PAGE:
Tuesday, July 24, 2012

Lessons from Lady

I’ve learned a lot from the dogs I’ve owned.

When I was a kid we had a dachshund named Baron von Bruno. Bruno came to us from a home that also had two very big dogs. Bruno had learned that if you don’t eat fast, you don’t eat at all. To say that Bruno ate fast is like saying a tornado is a big wind—it’s a gross understatement. Unfortunately, I never really bonded with him.

Then there was Iggy, short for Ignoramus. That was an appropriate name for him, as he wasn’t very smart. A German Shepherd mix, he just didn’t understand that barking and jumping on my kids were not the right way to get attention. In spite of all our efforts we just couldn’t break Iggy of his bad habits. When he nipped and broke the skin on one of the neighbor kids, he had to go. I was the only one sad about it.

Duke was one of my favorites. He was this big, imposing Labrador/great Dane mix whose deep, ferocious bark was enough to send the postman running. Safely hidden behind that intimidating demeanor beat the heart of a marshmallow. While I have no doubt that Duke would have protected us at all costs, when he perceived no threat he was just a great big lug who loved his family. I was his favorite. He followed me wherever I went, even waiting outside the door whenever I took a bath and greeting me afterwards like I’d been gone forever. Though Duke died several years ago, I still miss him.

All of my dogs were different. Some of them were by nature compliant, others very hard-headed. Some were easily satisfied, others never so.

I’ve decided that I want to be like another of my dogs, Lady.


Lady was the first dog I owned as an adult. She was a beautiful golden retriever, and from the day we brought her home she was loyal to the core. One of her greatest delights was to obey us, so when discipline was necessary Lady would tuck her tail between her legs and plead for forgiveness. Her soft brown eyes and her whole body communicated her regret. She was always sincerely sorry and quickly learned from her mistakes.

However, there was a quirk to her personality; she would only obey us when we could catch her eye and have her look at us, or when she was close enough to hear our voice. If she were too far away she would follow her own impulses, even if they put her in danger.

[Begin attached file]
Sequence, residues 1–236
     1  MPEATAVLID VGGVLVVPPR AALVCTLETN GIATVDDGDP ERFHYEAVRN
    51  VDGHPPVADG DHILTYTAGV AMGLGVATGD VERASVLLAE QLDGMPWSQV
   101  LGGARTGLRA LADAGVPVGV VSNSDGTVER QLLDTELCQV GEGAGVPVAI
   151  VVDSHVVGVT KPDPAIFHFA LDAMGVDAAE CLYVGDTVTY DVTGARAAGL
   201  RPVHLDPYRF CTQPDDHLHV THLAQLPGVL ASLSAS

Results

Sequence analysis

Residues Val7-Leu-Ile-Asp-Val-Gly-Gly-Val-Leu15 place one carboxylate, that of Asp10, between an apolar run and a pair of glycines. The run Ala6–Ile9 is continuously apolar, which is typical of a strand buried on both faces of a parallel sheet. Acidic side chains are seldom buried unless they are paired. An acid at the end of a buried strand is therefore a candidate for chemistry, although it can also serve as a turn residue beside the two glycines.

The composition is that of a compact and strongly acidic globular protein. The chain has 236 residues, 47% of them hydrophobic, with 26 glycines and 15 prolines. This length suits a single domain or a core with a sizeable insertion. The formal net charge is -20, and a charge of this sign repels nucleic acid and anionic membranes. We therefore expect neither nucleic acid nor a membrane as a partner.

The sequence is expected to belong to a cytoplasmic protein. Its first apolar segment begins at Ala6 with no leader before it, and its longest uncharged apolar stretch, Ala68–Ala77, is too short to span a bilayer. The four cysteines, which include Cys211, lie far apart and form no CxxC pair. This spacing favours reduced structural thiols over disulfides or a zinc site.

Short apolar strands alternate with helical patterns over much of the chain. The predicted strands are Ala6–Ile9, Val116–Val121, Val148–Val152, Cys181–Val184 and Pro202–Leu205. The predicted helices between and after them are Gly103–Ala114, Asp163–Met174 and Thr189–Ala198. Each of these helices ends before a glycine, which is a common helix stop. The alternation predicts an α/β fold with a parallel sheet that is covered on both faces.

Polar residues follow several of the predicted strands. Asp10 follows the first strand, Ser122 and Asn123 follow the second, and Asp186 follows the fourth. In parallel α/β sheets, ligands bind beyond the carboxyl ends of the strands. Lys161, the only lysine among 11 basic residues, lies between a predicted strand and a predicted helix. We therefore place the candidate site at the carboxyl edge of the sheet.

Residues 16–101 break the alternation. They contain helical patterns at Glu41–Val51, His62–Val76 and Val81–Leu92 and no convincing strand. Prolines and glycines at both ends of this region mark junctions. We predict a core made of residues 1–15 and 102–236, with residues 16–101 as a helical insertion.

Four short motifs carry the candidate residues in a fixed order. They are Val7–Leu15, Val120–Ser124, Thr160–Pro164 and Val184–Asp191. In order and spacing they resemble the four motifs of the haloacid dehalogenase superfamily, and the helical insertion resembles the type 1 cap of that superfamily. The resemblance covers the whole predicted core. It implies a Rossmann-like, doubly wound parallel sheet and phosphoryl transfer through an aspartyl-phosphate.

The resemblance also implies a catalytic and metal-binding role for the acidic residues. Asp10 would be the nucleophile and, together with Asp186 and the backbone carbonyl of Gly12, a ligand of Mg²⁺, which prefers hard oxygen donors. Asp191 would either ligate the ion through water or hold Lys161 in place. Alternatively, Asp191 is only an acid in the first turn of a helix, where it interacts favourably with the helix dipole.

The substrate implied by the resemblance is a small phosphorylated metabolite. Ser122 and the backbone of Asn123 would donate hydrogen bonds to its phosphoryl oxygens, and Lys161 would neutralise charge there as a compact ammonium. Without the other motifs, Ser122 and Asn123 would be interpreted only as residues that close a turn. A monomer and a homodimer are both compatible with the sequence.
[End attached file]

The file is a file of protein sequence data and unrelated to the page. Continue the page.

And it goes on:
One of the clearest examples of this happened as I was walking her one day. I slipped her off the leash, knowing she would stay close. What I hadn’t counted on was the arrival of another dog on the scene. When this malevolent mutt challenged Lady, she wanted more than anything to fight. Every instinct commanded her to do battle. The dogs circled each other, intent on looking a weak spot in the other to attack. I shouted at Lady to come, but she was too focused on the enemy to hear.

As panic escalated the volume in my voice, my words finally penetrated. She turned to look at me, and her self-will and the instinct to fight visibly drained out of her. The desire to please me overrode her other emotions, and she meekly trotted back to my side. Though she may not have understood why I didn’t want her to fight, she trusted me to know best.

I learned a lot from that dog.

She modeled for me the importance of staying close enough to my Master to hear His voice. When I listen to Him, I am content to do what He asks (Isaiah 30:21). When I wander too far away, I don’t even hear Him when He calls to me.

She demonstrated the necessity to look at my Master instead of the circumstances around me (Hebrews 12:1b-2a). He is a good Master. Obedience not only pleases Him, but benefits me as well. If I take my eyes off of Him, my self-will inevitably gets me into trouble.

She exemplified the reality that I cannot always understand my Master’s ways, because they are different than mine (Isaiah 55:8-9). I can trust Him to know what is best, and I can always go to Him to seek forgiveness when I do wrong (1 John 1:9). He is quick to forgive, and helps me learn from my mistakes.

Lastly, Lady taught me that loyalty to my Master is to be my first priority (Exodus 20:3). He requires—even demands it—but He is also deserving of it.

When things are right between me and my Master, everything else is right in my life. Even Lady understood that.

Further reflection:

1. Which of these are hardest for you to do; staying close to Jesus, focusing on Him, understanding His ways, seeking His forgiveness, or being loyal?

2. Why is that true?

3. How do you think your life would be different if you allowed Jesus to be your Master in these different ways?

Father, You are a good Master. I long to be like Lady, desiring only to please You, and eager to listen for Your voice. When I don’t understand Your ways, please help me to trust You to know what is best. When I do wrong, help me to quickly and sincerely seek Your forgiveness. And when other things seek to hold first place in my heart, remind me that You alone deserve it.

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